I believe. Like its protagonists. because it was aware of its
. The film noir. and Warshow analyzed this. and if a film goes awry it is often because the theme has been somehow “violated” by the style. to an aesthetically more important development in the gangster film—film noir. The thirties gangster was primarily a reflection of what was happening in the country. whereas American critics have been traditionally more interested in theme than style. which was cannonized in The Partisan Review in 1948 by Robert Warshow’s famous essay. The fundamental reason for film noir’s neglect. created a new artistic world which went beyond a simple sociological reflection. Because film noir was first of all a style. and American critics have always been slow on the uptake when it comes to visual style.” Although Warshow could be an aesthetic as well as a sociological critic. Film noir operates on opposite principles: the theme is hidden in the style. film noir criticism is concerned with what they have in common.film noir is more interested in style than theme. as it has many subsequent critics. not the film noir. because it worked out its conflicts visually rather than thematically. “The Gangster as Tragic Hero. and. That very contradiction—promoting style in a culture which valued themes—forced film noir into artistically invigorating twists and turns.directors are different. by the close of the noir period. and bogus themes are often flaunted (“middle class values are best”) which contradict the style. Although. American film critics have always been sociologists first and scientists second: film is important as it relates to large masses. it tried to make America accept a moral vision of life based on style. however. it was easier for sociological critics to discuss the themes of the western and gangster film apart from stylistic analysis than it was to do for film noir. Toward the end film noir was engaged in a life-and-death struggle with the materials it reflected. The irony of this neglect is that in retrospect the gangster films Warshow wrote about are inferior to film noir. went further than the gangster film. although it was also a sociological reflection. This sociological orientation blinded Warshow. Film noir attacked and interpreted its sociological conditions. style determines the theme in every film. is the fact that it depends more on choreography than sociology. Not surprisingly it was the gangster film. a nightmarish world of American mannerism which was by far more a creation than a reflection. he was interested in the western and gangster film as “popular” art rather than as style.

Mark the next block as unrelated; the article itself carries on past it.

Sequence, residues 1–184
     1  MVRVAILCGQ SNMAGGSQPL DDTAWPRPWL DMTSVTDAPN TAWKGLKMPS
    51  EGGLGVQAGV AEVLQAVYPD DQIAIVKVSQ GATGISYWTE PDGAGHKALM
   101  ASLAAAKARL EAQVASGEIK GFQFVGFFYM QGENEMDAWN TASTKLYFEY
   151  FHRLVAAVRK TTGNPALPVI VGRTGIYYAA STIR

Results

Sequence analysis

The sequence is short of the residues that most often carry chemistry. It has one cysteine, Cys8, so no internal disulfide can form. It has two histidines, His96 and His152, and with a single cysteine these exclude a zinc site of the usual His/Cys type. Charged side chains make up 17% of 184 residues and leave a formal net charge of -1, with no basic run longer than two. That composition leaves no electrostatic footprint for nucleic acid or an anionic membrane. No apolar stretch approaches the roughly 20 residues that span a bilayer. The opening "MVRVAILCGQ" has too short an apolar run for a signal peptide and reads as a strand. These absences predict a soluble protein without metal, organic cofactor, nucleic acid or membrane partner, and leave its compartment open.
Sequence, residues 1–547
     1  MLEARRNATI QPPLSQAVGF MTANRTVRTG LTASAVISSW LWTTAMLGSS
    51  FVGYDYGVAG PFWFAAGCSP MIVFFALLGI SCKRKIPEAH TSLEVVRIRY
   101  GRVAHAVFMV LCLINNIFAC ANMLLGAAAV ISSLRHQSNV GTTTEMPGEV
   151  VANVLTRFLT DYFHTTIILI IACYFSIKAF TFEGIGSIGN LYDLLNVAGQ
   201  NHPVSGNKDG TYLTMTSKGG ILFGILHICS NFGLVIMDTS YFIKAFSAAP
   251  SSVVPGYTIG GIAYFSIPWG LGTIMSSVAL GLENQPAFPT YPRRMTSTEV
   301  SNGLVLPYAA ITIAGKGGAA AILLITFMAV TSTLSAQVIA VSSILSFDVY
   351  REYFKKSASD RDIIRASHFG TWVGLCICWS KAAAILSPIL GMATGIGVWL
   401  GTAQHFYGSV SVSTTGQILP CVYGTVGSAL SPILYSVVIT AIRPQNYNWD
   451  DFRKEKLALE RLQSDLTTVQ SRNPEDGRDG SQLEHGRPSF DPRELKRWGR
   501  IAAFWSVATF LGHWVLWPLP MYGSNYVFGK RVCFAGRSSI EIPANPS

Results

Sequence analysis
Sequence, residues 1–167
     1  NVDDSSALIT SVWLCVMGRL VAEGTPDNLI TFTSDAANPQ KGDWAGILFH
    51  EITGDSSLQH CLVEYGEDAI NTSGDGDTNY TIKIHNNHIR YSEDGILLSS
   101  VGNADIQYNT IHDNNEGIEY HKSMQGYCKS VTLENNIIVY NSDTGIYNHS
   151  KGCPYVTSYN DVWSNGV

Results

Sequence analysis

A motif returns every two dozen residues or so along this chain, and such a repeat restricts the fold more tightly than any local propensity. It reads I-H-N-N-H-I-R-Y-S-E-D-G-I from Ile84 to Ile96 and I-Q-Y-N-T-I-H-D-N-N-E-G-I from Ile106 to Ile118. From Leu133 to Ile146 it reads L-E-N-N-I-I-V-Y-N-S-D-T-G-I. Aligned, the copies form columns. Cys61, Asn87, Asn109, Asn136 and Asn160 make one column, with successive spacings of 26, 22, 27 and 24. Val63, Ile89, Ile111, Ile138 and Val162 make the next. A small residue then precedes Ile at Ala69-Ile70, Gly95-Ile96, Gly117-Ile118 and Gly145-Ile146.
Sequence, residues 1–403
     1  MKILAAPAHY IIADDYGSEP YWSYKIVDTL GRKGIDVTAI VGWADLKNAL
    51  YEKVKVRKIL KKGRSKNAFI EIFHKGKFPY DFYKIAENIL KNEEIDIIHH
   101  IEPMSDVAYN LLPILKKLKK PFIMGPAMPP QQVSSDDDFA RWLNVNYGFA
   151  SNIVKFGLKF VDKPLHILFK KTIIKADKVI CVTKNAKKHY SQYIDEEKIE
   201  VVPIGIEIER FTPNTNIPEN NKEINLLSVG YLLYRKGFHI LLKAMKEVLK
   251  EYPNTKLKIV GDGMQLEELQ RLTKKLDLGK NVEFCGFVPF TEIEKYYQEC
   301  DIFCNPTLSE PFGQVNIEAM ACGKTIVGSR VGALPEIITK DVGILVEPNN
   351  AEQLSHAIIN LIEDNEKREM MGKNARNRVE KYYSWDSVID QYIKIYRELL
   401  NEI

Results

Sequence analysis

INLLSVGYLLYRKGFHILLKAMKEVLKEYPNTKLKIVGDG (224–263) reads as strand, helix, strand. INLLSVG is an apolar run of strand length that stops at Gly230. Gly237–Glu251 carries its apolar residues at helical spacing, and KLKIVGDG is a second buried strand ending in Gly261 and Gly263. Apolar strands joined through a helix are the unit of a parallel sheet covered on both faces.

Its time delay gives it a sense of detachment and thoroughgoing seediness—it stands at the end of a long sleazy tradigion.” and makes no qualms about it because the world around him isn’t much better. Albert Dekker. The private eye hero. and when he finally finds it. Gaby Rodgers. John Dall and Peggy Cummins play a winsome couple spinning at a dizzyling rate into the exhilarating world of action. undergoes the final stages of degradation. but for all practical purposes the forties private eye tradition is defunct.own identity. Juano Hermandez. it turns out to be—joke of jokes— an exploding atomic bomb. together they make an irresistably psychopathic pair. Photographed by Eenest Laszlo. vindictive and active. Paul Stewart. in his best performance. Dall is confused. Jack Elam. There are no excuses for the gun craziness—it is just crazy. Bexerides. With Ralph Meeker. Ralph Meeker. Cummins is confused. Produced by Victor Saville. Hammer can be seen struggling to safety as the bomb ejaculates. He is a small-time “bedroom dick. Kiss Me Deadly comes at the end of the period and is the masterpiece of film noir. but also some of the less well known. Kiss Me Deadly. Gun Crazy’s lighting is not as noir as other films of the period. but its portrayal of criminal and sexual psychopathy very much is. plays Hammer. Kiss Tomorrow Goodbye and Gun Crazy can be works of art in a way that gangster films like Scarface. it was able to create artistic solutions to sociological problems. In search of an “eternal whatsit” Hammer overturns the underworld.
. love and mudder. Made in 1955. And for these reasons films like Kiss Me Deadly. Maxine Cooper. innocent and passive. Joseph H. a midget among dwarfs. The selection of the following seven films by the Los Angeles International Film Exposition reflects a desire to select not only the best noir films. Lewis’ Gun Crazy incorporates both the black widow and on-the-run themes. An early Bonnie and Clyde variant. Mike Hammer.Public Enemy and Little Caesar can never be. Written by A. And their deadliness is sanctified by the fact that they know they are special people and will be given the right by the American ethic to act out their symbolic fantasies. sex. Gun Crazy. causing the death of his friend in the process. The cruelty to the individual is only a trivial matter in a world in which the Bomb has the final say. I. Cloris Leachman. Robert Aldrich’s teasing direction carries noir to its sleaziest. Nick Dennis. and most perversely erotic.